Building Trust in Public Health Bellagio Convening Summary (Nov. 29 – Dec. 3, 2022)

While trust in public health declined significantly during the COVID-19 pandemic, the public has been losing trust in a range of institutions for decades. The causes of this crisis in trust are complex, deep-rooted, and global in nature. The challenges of building and maintaining trust in health institutions are unique and reflect the important role that science and health care play in our lives.

To explore this challenge, and to align on potential multistakeholder initiatives to overcome it, Duke University, in collaboration with Jack Leslie and with support from The Rockefeller Foundation, hosted a convening from November 28 to December 3, 2022, focused on “Building Trust in Public Health.” Recognizing that there are significant regional differences in key drivers of trust, as well as potential solutions to build trust, related to sociopolitical context, culture, and history, among other factors, 20-plus cross-sectoral experts were specifically challenged to design and prepare a new initiative that builds trust in public health, with an initial focus on the US, Europe, and Africa. The convening was particularly designed to identify, build and strengthen a community of leaders and change agents committed to engagement and collaboration in this field.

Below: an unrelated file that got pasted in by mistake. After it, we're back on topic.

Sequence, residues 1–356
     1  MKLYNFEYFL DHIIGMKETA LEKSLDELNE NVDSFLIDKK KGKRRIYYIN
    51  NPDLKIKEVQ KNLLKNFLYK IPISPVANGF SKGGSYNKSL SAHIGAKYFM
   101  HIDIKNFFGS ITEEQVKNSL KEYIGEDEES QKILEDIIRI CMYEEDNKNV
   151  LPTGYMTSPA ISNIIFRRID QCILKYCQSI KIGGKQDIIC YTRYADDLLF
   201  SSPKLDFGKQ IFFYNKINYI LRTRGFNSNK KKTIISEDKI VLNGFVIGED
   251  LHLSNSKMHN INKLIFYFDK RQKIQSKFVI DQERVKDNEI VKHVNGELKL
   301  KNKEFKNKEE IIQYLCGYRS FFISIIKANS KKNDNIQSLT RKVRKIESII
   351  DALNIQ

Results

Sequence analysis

Access the summary, including an overview of the emerging conceptual framework for trust in public health, a full cataloguing of the potential ideas and initiatives surfaced in breakout group and plenary synthesis discussions, and finally the three cornerstone initiatives that were prioritized by the participants as worth of further exploration and action post-Bellagio.